Staal has been on-ice for nearly half of Tlusty’s points and it makes sense when you consider that he was his most-frequent linemate this year. However, if you go down the list you will see that Brandon Sutter has been on-ice for exactly half of Tlusty’s goals (more than half because I didn’t include the penalty shot). Remember, those two and Patrick Dwyer played together for most of the first half of the year and Tlusty scored half of his goals then. Maybe Staal isn’t the main reason for Tlusty’s break-out season?
Looking at goals and points is one thing but there is a lot of luck and variance involved with both, so it might not be the best way to go for judging a player. Also, it makes sense for Staal and Sutter to be on ice for most of Tlusty’s goals because he has played on a line with them for the majority of the year. The results are predictable in a way. What will give us a better idea of how reliant Tlusty has been on his linemates this year is a WOWY chart using the scoring chance data that I have been tracking all season. What this does is show Tlusty’s scoring chance data with and without a certain player on the ice.
Tlusty and Staal have been one hell of a duo this year and both of them are noticeably weaker when they aren’t playing together. The difference is that Staal is a borderline positive player with other linemates while Tlusty is completely underwater. Tlusty has also played well with Ruutu and while both of them are worse away from each other, it isn’t nearly as extreme as the difference between Staal & Tlusty. When looking at how worse Tlusty is without Staal, I think you can come to the conclusion that some of his success this year is due to playing with him on the first line.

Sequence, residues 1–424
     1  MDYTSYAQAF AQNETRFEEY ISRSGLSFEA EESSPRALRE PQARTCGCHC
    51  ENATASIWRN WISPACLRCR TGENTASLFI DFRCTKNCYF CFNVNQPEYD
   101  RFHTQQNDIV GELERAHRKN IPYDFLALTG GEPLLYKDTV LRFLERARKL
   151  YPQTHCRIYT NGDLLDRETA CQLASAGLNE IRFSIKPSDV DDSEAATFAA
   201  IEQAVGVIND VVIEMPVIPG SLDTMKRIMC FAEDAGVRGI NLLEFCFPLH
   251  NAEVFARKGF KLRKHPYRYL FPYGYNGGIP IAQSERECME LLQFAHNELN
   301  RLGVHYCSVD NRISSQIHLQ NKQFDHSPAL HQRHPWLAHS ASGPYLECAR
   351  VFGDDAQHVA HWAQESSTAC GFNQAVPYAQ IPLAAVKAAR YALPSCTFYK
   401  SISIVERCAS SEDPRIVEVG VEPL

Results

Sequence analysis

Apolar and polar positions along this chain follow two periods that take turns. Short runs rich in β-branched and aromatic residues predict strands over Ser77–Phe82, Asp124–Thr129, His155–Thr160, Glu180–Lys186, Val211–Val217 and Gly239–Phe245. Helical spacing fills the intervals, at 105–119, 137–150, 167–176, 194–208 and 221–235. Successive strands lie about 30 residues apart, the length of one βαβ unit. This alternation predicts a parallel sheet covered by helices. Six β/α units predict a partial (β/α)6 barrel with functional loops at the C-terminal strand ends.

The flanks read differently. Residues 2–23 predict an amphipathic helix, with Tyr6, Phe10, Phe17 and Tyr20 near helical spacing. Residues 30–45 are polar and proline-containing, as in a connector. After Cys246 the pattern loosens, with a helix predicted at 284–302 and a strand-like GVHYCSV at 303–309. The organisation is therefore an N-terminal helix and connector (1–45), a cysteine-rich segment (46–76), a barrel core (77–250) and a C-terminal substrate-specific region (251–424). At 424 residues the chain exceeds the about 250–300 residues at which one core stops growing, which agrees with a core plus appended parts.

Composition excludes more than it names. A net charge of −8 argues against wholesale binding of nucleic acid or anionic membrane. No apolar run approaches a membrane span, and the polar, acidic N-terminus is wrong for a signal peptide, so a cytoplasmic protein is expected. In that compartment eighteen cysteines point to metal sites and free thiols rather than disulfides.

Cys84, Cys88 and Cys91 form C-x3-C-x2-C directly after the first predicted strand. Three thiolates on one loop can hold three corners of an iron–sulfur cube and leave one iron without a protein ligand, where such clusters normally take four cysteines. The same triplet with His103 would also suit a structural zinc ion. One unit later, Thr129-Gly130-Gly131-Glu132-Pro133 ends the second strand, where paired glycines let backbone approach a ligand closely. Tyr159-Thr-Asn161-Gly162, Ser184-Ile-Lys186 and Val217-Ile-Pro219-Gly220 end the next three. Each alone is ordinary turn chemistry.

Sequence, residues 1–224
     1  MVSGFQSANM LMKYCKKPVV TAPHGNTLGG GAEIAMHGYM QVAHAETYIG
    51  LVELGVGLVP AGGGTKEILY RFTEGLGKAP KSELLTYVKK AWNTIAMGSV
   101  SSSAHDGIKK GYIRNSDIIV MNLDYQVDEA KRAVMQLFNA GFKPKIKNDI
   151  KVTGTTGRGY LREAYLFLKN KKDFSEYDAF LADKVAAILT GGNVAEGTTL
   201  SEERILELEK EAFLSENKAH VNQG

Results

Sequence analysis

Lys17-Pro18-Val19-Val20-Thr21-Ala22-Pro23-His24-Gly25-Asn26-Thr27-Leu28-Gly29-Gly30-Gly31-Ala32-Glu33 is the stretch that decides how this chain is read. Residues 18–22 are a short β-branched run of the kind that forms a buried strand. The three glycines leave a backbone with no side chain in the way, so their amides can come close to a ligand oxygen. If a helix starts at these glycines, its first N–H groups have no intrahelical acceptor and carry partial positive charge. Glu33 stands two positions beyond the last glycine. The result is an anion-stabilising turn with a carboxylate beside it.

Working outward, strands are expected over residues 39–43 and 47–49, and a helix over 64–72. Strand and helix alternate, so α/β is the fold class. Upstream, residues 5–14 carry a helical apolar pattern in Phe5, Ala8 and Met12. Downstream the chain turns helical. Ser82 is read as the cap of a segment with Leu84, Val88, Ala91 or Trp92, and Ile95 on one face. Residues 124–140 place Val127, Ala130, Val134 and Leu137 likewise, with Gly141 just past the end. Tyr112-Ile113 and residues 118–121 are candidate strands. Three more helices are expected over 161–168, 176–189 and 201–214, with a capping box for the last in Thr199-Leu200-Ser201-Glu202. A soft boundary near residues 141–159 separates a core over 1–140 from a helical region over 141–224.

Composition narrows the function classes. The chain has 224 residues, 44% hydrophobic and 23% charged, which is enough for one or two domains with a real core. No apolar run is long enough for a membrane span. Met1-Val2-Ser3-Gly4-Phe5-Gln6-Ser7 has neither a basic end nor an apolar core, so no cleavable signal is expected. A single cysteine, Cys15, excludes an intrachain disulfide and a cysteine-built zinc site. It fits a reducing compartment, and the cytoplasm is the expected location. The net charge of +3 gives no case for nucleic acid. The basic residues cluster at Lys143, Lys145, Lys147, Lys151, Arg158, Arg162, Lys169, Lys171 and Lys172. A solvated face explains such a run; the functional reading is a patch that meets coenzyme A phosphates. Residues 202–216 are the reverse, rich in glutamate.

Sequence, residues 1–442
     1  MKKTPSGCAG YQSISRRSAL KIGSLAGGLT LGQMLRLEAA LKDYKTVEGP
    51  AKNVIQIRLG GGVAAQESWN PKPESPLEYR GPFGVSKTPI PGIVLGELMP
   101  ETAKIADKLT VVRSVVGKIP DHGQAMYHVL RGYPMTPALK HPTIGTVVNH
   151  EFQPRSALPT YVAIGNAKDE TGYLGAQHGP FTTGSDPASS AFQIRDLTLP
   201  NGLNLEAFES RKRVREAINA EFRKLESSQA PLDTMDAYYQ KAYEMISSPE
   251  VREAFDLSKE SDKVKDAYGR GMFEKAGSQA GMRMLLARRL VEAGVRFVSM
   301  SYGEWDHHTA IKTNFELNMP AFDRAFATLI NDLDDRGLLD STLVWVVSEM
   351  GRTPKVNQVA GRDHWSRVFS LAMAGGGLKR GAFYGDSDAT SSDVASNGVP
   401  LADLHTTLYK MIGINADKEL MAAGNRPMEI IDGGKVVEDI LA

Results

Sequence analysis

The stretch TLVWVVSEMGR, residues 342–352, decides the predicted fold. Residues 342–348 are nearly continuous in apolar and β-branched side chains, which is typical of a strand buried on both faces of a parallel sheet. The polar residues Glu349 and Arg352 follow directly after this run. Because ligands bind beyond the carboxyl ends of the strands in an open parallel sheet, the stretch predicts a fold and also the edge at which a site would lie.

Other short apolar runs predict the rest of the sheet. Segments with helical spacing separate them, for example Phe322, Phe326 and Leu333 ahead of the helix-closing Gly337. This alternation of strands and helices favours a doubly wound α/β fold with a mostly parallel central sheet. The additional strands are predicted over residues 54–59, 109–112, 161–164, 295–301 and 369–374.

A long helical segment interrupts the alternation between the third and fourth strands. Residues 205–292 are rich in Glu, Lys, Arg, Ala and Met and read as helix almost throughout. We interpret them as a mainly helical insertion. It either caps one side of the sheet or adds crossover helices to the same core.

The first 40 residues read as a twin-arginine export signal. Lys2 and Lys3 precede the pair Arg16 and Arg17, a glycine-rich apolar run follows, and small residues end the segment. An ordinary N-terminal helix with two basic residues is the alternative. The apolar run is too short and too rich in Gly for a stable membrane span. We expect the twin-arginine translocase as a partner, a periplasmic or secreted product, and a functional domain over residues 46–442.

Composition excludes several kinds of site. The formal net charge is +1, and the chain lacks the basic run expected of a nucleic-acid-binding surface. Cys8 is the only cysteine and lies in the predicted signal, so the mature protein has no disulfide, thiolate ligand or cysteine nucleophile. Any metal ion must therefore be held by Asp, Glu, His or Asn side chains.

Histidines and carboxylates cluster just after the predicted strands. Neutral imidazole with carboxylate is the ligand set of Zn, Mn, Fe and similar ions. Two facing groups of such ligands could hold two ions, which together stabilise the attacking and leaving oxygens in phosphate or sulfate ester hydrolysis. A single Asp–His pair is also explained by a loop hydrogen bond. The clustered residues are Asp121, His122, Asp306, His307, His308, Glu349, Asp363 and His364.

On the flipside, Tlusty is much better when he isn’t playing with Brandon Sutter and Patrick Dwyer and there’s a very plausible reason for this. Sutter & Dwyer are known for playing on the team’s shutdown line against tough competition and Tlusty was in that group for awhile. Tlusty’s defense is underrated but he clearly isn’t suited for that kind of role, whereas he plays much better with top-six minutes and better linemates. Sutter also seems to do a lot better when he isn’t playing with Tlusty and the addition of Andreas Nodl means that he doesn’t have to. You will notice that Tlusty also played better with some other frequent top-sixers like Jussi Jokinen and Chad LaRose.
Other players Tlusty has done better with are Jamie McBain, Jaroslav Spacek, Bryan Allen and Joni Pitkanen. Players who he has done better without are Anthony Stewart, Tim Brent, Tim Gleason (probably the same reason as Sutter/Dwyer), Justin Faulk and Jay Harrison.
Based off this, I think we can conclude that Staal is one of the reasons for Tlusty’s breakout campaign. I’m not saying that he is the only reason but Staal is the type of player that makes his teammates better and that’s clearly been the case with Tlusty. Does this mean that this season is a total fluke for him?
Well, his shooting percentage is a bit high (13.2% compared to his career average of 11.5%) and so is his PDO (1011) so that’s worth keeping an eye on but his strong scoring chance numbers have me thinking that this year isn’t a fluke. Still, if I was Jim Rutherford, I would take these factors into consideration when it comes time to re-sign him in June/July. Tlusty is still young and can improve but I am not convinced that he is a first liner yet.